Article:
The Legal Classification of Electronic Signatures in France
The legal model of France is a tiered one which means that the Electronic Signatures which are qualified are considered as the legal type of signatures. However, this does not imply that the Electronic Signatures which are not qualified cannot be submitted to courts but it has to have some additional proof along with it to be supported in a trial of court.
Standards Required for E-Signatures in France
There are certain recommended formats required for electronic signatures in France which are grounded on the implementing decision with reference number 2015/1506 under the European Commission. The formats are PAdES, CAdES, and XAdES Associated Container Signature.
In France, the national trust scheme recognized for the electronic signatures is offered by the General Security Baseline which implicates the exchange among different users and administrative bodies. Moreover, there is an authority for the root certification IGC/A which is managed by ANSSI federating the certification authorities of government and other bodies for the purposes of interoperability.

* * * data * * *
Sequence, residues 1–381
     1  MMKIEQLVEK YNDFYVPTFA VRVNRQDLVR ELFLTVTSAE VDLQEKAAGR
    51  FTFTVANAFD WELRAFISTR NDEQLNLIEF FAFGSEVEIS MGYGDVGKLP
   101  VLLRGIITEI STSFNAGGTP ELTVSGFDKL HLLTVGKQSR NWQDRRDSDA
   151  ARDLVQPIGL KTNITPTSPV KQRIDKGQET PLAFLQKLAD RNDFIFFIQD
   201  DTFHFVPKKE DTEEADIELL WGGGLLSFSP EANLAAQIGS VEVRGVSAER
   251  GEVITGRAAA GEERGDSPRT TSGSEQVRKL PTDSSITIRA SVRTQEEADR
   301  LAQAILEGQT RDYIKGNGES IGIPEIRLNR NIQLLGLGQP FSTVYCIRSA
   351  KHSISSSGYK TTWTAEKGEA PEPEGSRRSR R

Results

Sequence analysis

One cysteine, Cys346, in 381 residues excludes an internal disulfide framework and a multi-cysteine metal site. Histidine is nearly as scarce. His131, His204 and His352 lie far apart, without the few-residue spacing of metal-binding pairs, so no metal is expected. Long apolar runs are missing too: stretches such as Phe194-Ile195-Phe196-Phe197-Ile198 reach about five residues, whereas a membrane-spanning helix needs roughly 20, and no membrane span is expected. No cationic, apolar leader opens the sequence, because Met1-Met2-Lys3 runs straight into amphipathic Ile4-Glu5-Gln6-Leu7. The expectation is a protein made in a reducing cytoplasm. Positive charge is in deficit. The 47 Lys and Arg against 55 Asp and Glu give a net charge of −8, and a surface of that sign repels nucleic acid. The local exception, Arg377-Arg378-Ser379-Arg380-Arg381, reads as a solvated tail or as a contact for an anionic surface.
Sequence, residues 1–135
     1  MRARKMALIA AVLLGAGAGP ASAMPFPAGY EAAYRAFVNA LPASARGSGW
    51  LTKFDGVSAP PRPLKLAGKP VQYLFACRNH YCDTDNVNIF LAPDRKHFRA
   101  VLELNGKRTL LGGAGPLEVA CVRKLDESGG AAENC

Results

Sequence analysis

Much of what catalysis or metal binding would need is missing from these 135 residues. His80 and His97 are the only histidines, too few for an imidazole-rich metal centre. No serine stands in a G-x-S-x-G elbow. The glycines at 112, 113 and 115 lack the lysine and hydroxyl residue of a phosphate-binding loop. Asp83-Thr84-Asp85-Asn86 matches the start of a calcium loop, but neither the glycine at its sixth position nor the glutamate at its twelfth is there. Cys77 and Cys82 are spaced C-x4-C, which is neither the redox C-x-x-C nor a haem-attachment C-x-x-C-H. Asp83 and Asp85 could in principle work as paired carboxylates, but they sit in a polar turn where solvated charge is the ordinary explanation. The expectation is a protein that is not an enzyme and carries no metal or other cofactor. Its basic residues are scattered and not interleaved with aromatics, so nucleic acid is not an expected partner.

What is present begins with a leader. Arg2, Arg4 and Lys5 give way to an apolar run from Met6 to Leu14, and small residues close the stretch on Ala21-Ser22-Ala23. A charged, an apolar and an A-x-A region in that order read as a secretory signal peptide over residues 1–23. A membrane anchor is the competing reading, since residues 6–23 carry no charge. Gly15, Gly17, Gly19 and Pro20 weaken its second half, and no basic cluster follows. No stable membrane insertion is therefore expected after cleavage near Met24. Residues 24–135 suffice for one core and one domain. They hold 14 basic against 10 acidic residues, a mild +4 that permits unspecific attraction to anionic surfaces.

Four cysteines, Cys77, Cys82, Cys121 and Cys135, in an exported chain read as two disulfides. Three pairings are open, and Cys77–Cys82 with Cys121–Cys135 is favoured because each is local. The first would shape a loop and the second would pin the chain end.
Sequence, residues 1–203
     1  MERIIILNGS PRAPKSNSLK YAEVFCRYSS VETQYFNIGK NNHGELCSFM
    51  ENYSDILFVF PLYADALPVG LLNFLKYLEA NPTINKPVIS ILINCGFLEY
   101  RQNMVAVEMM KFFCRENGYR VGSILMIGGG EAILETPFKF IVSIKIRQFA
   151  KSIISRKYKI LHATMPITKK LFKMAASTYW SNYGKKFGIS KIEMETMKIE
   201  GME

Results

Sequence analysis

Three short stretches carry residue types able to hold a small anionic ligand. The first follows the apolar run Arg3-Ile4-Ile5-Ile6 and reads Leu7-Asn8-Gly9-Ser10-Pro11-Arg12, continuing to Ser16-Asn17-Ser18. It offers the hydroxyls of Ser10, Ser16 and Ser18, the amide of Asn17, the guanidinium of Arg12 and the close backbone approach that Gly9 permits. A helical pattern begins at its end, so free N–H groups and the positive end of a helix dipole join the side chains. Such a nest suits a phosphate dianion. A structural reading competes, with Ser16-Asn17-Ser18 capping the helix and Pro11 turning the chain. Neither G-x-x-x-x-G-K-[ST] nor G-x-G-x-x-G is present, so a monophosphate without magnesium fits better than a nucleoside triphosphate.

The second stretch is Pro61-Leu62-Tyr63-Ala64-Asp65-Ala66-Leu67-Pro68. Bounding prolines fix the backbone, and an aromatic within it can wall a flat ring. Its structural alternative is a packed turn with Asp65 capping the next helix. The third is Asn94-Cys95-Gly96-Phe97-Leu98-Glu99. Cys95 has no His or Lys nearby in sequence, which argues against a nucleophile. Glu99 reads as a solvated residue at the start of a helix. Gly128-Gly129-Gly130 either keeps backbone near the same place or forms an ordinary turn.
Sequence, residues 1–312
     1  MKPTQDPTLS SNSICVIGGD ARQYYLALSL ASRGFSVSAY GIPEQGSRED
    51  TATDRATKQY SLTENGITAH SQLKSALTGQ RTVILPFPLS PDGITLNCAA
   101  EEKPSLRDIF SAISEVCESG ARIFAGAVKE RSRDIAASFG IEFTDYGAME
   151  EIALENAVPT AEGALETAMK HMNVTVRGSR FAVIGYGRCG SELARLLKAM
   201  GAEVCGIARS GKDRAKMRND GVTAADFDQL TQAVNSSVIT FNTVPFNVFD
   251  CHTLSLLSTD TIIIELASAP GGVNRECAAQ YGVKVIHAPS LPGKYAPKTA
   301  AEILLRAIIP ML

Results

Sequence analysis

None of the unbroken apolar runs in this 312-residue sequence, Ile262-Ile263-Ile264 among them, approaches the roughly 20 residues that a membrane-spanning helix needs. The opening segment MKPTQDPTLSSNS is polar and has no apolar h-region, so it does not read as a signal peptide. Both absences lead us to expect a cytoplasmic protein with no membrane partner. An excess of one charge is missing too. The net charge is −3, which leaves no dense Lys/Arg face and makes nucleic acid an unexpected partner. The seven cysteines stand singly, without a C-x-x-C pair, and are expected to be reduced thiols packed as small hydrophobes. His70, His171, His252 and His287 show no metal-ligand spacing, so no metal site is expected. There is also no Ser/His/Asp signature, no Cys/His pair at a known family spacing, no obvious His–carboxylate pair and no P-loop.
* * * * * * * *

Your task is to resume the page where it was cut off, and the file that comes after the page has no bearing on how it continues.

Article 1316 of the French Civil Code is highlighting the contracts which are not requiring the need for manual signatures for their credibility. However, the contracts which have electronic signatures are considered as the long legally capable documents which are physically, verbally, and electronically viable and authentic.